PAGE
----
Job done: The 21-year-old Realini took third at Flèche Wallonne, seventh at Liège, and third on the General Classification at La Vuelta while winning the Mountains Classification.
Deignan also knows that there’s no better way to get back into race day shape than racing itself. Training rides can accomplish a lot, but they can’t acclimate the body to the stresses of competition like, say, a week of wheel-to-wheel action across Spain.
“I can do motor pacing, but I’m not braking and accelerating hundreds of times,” Deignan said. “So I need to get that stimulus as quickly as possible in a condensed period of time. And to me, a stage race is the perfect place to do it. I go away for seven days and I get probably thousands of accelerations in the legs.”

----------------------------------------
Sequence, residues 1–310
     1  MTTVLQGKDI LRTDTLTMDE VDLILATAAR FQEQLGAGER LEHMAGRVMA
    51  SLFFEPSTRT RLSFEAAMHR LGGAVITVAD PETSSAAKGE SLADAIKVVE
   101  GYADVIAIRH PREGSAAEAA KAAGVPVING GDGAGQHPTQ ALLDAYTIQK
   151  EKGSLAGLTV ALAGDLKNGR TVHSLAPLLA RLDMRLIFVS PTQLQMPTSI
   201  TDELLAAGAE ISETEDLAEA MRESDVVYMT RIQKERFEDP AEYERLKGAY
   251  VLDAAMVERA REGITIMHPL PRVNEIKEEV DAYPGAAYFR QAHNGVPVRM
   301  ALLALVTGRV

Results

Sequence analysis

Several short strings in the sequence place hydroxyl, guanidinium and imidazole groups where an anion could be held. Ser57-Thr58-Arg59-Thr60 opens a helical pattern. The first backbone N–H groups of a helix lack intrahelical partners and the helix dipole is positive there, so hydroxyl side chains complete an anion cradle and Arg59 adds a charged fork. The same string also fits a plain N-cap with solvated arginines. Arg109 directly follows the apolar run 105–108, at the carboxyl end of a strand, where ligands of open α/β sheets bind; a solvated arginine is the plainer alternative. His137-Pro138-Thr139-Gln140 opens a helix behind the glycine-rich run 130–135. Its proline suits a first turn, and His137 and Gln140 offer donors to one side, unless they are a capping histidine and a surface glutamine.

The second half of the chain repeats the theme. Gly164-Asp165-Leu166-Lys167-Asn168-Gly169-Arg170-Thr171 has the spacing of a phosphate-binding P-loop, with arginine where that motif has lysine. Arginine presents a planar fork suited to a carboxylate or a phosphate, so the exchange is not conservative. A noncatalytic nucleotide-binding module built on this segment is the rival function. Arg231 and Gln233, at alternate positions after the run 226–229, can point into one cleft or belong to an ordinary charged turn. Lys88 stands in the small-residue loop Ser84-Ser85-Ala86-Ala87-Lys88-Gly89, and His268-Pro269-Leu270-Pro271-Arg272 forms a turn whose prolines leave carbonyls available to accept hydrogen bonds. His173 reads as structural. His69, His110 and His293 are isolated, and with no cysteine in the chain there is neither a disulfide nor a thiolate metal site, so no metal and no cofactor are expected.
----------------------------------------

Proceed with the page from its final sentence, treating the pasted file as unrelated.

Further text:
Step 3: Appreciating progress
Knowing that you’re not competing at the level you’d like can be difficult for an athlete, but there is a silver lining: A chance to see significant jumps in progress, as long as you trust the process.
“It’s a really nice process to get fit again,” Deignan said. “Because once you are at a certain level, you’re looking for percentages. And now I’m making these massive jumps every week. And every time I get on my bike, I feel stronger. And you don’t feel like that for a lot of the time when you’re a professional athlete.”
Deignan is fortunate to have gone through the comeback process before. She conquered the inevitable feelings of self doubt after having Orla by proving that pregnancy doesn’t need to hinder long term success. More importantly, she can follow her own blueprint to getting back up to speed. If nothing else, having that previous experience has made Deignan’s second return from pregnancy much more enjoyable.
“I know the journey. I know how it works. I know that I have to trust in the process and my body,” Deignan said. “Logically, I know that if I don’t feel 100 percent now then in a month, dramatic changes can happen. So that experience is useful.